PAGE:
Example: How one business came up with the right pricing strategy
Wiltshire-based On-Group is one of Britain’s leading beauty and wellness manufacturers. It took the opportunity to rebrand the sports side of its business to target consumers instead of its original focus on B2B.
This move – based on employing some of the key pricing strategy examples we’ve been describing – paid off. “We decided to go full-steam ahead with our B2C rebrand and saw turnover increase nearly ten-fold,” confirms its owner, James Greenwell.
Using a discounted subscription model
On-Group’s key pricing strategy following the rebrand is a 20% subscription discount on its popular ‘U Perform’ line.
The discount is ongoing and applies to anyone who subscribes, but Greenwell stresses the eventual pricing strategy was calculated based on two data factors: competition information from similar brands, and detailed market analysis.
Competitor analysis is essential
Greenwell said software showing competitor marketing spend and where they are advertising played a critical role in that process.
“We analysed data against the percentage of turnover required for On-Group’s running costs so we could see the product’s price point in the market, but also clearly understand our margins,” he says.
“For example, this year our running costs were sitting too high as a percentage of turnover, at 42%. That meant we knew what our minimum required margin was and could consider the discounts we may give to trade, ambassadors and distributors, which helped us understand the required end price.”
Reducing churn and improving customer retention
The new subscription pricing strategy has helped with customer retention, allowing this fast-growing SME to secure a closer, more informed relationship with subscribers.
This data-based pricing strategy also helps On-Group plan for the future. “We can see that our churn rate is approximately 9-10%,” Greenwell adds. “This means that we lose one person for every 10 people we bring on, which helps us with our cash flow.”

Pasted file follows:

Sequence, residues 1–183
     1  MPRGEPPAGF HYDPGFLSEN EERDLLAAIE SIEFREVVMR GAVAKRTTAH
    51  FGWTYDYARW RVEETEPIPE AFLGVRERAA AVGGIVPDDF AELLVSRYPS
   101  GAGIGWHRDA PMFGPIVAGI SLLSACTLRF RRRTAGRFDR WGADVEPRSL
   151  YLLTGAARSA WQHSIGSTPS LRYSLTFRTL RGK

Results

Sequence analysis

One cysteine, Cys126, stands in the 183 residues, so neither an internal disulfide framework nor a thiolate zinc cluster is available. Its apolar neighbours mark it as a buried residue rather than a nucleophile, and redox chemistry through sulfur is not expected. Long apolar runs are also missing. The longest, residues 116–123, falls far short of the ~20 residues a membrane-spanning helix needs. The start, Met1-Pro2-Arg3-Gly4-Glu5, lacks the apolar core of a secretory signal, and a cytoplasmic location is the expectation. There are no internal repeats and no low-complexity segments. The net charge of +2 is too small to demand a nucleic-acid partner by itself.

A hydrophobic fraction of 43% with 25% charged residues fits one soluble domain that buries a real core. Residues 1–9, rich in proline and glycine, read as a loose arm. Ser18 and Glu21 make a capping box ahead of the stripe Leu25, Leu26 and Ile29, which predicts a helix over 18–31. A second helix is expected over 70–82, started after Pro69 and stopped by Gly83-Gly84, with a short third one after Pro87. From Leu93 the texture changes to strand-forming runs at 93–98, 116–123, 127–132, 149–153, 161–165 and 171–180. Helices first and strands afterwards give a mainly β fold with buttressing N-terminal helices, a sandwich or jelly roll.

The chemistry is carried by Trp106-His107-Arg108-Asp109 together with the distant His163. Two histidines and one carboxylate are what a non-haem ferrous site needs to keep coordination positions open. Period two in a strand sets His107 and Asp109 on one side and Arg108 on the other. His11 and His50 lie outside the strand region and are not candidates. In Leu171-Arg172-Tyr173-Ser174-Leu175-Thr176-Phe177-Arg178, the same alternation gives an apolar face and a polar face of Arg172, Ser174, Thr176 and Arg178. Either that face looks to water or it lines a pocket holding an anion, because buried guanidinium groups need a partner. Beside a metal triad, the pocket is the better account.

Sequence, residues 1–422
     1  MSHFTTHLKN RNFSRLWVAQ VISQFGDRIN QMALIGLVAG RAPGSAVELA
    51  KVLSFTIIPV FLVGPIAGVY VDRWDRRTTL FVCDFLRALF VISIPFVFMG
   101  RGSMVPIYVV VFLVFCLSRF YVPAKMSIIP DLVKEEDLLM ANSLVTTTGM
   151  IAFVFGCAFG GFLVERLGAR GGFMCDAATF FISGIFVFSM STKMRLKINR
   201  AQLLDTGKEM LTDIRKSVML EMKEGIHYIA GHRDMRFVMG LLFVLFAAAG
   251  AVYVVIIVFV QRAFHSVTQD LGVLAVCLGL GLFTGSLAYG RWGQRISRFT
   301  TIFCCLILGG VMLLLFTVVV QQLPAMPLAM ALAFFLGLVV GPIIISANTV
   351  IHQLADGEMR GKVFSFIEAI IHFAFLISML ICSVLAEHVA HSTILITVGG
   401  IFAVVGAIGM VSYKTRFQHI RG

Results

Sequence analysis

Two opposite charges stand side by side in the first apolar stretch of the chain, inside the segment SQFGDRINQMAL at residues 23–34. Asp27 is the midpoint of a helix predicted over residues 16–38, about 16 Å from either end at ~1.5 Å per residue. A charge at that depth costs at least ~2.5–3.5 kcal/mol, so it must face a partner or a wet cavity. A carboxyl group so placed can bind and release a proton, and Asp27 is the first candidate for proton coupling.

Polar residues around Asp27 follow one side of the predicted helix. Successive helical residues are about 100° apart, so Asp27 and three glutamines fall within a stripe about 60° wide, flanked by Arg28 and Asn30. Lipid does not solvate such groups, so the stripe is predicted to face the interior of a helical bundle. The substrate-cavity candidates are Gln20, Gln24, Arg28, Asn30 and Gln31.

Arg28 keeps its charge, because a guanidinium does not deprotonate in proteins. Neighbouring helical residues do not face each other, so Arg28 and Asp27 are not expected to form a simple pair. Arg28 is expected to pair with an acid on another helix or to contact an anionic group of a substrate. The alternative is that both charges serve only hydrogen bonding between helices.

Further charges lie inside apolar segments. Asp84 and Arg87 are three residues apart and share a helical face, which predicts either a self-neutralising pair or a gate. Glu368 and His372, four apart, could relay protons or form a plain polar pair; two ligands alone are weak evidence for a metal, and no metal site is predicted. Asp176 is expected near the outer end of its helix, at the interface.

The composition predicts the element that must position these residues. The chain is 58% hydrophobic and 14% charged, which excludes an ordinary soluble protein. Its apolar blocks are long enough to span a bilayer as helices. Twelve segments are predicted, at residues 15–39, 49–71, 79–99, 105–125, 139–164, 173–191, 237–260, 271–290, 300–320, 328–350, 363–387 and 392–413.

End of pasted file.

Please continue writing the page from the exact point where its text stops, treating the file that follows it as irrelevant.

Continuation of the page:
Greenwell’s team can also see that the customer’s lifetime averages around 77 days; an improvement thanks to the subscription model.
On-Group's loyalty-pricing strategy, based on offers such as a free gift with purchase, discounts, product videos or birthday bonuses has also been key.
Predicting inventory needs
Greenwell has found the subscription model great for preserving cash flow. It helps the company defend itself from possible disruption by making it easier to predict when a product run is needed, meaning fewer unnecessary funds get tied up in unused stock.
It also allows clear predictions on growth and production timelines and On-Group’s leadership can predict almost to the day when a new stock delivery is required.
If you're still working out the finer points of your subscription model, why not use the American Express® Business Gold Card to invest in stock without disrupting your cash flow. It has a payment period of up to 54-days¹, allowing you the time to use data-led insights to refine your approach to pricing for success.
What's more, you can earn Membership Rewards® points² with every £1 you spend, which can be redeemed as statement credit – allowing you to free up further cash to reinvest in your business.
1. The maximum payment period on purchases is 54 calendar days and is obtained only if you spend on the first day of the new statement period and repay the balance in full on the due date. If you’d prefer a Card with no annual fee, rewards or other features, an alternative option is available – the Business Basic Card.
2. Membership Rewards points are earned on every full £1 spent and charged, per transaction. Terms and conditions apply.